Zorfass sees Microsoft facing competition against WinCE from three main areas: the open-source community, proprietary operating systems built in-house by companies, and traditional embedded operating system companies such as Wind River Systems, "companies that aren't exactly household names," Zorfass said.
Gwennap thinks the real battle for Microsoft lies with the consumers. "The real issue is how many people will put CE in their PDA, or in their set top box. I haven't seen a lot momentum," he said.
To help device makers reduce the design time for new products and make Windows CE 3.0 more attractive, Microsoft has also launched two new vendor programs.
The first will see the software maker supplying new BSPs (board support packages) -- preconfigured and pretested hardware reference platforms on which OEM companies can immediately begin testing their embedded software designs. The BSPs will be available for download from Microsoft's Web site.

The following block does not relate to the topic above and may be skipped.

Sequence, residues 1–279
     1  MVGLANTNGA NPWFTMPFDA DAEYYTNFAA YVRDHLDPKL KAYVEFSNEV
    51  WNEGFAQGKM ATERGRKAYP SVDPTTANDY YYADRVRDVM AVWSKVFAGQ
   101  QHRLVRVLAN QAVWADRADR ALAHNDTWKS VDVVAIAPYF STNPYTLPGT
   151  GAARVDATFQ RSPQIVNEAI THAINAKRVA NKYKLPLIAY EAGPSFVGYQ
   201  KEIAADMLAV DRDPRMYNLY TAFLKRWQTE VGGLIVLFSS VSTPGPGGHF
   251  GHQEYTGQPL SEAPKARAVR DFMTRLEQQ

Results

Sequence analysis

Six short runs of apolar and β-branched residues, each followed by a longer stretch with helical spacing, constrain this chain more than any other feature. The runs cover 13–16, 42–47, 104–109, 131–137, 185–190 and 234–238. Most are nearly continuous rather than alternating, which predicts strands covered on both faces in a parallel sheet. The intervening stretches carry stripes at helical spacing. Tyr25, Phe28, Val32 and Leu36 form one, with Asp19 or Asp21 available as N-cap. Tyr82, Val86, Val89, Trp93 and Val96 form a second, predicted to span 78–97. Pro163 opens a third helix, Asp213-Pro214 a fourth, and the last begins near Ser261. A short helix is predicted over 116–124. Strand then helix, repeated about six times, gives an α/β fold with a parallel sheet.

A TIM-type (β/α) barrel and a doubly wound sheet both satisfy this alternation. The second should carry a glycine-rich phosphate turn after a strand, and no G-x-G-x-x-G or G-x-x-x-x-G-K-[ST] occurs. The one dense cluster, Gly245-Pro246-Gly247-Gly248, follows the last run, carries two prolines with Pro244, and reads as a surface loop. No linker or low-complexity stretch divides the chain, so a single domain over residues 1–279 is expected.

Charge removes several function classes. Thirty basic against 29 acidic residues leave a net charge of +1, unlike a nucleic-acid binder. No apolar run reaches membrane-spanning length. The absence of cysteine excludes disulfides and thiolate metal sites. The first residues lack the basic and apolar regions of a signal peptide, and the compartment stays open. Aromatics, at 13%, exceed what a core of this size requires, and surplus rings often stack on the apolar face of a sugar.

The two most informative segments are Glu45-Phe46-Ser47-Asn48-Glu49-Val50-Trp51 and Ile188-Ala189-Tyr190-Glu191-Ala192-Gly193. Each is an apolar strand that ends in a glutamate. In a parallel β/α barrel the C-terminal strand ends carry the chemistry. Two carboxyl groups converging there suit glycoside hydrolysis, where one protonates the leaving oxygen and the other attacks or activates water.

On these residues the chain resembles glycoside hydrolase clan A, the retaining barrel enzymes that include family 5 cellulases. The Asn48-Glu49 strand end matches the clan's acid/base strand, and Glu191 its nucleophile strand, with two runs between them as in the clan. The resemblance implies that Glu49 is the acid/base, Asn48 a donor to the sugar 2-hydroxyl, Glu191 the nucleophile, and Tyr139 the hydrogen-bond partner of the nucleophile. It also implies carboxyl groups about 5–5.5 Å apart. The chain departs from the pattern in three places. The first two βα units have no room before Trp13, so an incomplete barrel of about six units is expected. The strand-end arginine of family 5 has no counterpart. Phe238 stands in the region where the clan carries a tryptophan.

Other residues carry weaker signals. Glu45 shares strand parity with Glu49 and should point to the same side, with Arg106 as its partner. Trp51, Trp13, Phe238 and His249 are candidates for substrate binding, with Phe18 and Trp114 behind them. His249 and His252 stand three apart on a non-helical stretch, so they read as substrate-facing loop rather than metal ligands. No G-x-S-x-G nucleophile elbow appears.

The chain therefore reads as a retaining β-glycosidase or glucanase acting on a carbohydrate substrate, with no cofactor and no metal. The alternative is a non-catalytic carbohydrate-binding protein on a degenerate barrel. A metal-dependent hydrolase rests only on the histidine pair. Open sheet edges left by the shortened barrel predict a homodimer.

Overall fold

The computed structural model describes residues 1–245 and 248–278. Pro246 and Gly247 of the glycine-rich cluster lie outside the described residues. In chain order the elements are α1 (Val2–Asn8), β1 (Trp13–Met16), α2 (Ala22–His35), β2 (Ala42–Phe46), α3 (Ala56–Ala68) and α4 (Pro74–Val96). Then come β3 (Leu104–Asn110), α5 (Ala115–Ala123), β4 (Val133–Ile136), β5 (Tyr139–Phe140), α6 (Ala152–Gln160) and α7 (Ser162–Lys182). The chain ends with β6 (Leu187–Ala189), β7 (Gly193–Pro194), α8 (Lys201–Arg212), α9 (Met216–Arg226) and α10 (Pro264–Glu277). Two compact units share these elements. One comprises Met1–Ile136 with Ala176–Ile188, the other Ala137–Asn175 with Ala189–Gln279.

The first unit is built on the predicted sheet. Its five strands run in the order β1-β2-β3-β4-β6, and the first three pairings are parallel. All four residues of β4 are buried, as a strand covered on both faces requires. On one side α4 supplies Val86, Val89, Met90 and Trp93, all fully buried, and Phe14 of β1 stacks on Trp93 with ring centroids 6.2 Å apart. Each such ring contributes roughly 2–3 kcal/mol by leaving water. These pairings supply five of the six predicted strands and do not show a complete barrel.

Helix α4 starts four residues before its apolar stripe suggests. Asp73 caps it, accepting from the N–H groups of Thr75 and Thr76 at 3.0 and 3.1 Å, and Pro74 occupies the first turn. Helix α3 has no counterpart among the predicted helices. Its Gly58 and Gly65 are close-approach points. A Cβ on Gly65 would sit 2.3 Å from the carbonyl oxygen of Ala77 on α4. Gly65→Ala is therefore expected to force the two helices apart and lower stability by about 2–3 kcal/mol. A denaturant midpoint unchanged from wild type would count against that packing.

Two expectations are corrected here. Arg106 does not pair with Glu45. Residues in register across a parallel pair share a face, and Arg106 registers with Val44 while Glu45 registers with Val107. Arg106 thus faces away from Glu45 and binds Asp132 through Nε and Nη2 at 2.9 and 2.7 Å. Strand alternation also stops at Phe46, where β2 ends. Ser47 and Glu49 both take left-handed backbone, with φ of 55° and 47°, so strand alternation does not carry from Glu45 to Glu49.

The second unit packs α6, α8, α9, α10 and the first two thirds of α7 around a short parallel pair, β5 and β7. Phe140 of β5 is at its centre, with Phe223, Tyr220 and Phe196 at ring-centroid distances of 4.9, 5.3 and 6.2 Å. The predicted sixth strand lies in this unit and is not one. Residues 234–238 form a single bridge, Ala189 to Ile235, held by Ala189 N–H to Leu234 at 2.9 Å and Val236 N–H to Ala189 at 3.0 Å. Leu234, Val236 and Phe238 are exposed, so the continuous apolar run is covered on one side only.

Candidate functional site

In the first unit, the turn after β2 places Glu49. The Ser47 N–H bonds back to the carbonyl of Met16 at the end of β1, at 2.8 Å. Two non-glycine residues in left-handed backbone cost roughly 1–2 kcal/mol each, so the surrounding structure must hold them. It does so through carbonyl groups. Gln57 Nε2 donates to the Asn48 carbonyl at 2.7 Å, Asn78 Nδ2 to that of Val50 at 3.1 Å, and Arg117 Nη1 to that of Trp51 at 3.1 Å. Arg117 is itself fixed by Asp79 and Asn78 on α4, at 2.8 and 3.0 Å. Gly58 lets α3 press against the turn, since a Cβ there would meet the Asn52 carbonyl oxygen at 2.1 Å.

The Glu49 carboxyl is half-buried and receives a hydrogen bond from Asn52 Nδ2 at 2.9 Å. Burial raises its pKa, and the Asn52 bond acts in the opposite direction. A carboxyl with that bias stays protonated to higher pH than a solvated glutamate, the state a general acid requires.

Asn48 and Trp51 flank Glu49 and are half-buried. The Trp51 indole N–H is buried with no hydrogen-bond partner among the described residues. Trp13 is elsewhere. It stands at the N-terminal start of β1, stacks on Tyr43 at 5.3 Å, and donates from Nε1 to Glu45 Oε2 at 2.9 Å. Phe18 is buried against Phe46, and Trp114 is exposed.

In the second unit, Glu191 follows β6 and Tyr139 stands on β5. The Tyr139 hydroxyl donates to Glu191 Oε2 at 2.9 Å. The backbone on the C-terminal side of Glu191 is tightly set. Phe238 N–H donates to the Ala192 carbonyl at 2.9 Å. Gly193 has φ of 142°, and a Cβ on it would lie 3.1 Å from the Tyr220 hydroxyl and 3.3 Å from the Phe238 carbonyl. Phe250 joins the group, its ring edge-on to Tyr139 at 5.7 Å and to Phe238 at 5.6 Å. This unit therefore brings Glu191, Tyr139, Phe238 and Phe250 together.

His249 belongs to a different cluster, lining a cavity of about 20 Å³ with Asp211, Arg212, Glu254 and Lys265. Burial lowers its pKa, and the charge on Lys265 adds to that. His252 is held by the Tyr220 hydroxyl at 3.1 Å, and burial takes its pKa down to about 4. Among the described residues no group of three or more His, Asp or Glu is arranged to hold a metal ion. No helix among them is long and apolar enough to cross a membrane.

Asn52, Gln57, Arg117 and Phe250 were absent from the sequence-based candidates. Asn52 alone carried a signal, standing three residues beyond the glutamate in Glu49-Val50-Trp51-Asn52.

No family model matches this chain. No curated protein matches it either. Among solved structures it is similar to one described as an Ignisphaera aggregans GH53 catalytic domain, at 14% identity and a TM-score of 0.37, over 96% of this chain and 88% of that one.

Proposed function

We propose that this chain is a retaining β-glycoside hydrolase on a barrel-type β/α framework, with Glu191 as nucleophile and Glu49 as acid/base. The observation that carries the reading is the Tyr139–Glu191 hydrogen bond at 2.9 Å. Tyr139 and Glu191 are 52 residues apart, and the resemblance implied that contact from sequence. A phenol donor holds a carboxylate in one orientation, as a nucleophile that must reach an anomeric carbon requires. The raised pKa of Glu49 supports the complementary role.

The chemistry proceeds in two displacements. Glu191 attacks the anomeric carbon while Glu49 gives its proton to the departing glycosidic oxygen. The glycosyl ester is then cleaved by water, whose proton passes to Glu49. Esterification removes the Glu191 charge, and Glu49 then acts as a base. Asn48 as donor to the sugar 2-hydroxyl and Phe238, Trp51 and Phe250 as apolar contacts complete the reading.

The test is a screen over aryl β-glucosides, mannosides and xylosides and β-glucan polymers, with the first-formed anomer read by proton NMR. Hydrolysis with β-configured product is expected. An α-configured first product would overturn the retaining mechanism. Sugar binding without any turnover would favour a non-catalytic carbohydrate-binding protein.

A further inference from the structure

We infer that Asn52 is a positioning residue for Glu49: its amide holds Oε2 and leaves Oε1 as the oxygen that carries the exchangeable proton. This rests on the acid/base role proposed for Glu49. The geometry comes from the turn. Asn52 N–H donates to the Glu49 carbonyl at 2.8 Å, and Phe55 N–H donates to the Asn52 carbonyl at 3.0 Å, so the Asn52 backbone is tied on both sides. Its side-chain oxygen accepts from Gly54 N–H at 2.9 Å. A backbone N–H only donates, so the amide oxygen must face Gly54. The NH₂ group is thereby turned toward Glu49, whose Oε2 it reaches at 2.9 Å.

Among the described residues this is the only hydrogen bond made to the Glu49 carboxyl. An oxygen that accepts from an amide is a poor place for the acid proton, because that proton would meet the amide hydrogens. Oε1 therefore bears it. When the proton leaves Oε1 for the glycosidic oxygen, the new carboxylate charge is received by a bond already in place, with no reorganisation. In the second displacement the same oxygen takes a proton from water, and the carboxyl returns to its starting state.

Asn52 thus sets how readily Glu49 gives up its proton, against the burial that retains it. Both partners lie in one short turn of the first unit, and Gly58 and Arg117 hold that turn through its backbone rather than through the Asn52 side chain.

The second allows microprocessor makers to bundle Windows CE 3.0 with evaluation versions of their chips when supplied to manufacturers. This could speed up the design process for new devices because manufacturers will be able to obtain almost everything they need under a single contract and not have to separately obtain copies of the software from Microsoft.
The first chips to ship with the bundled OS are expected to be available from National Semiconductor beginning in April.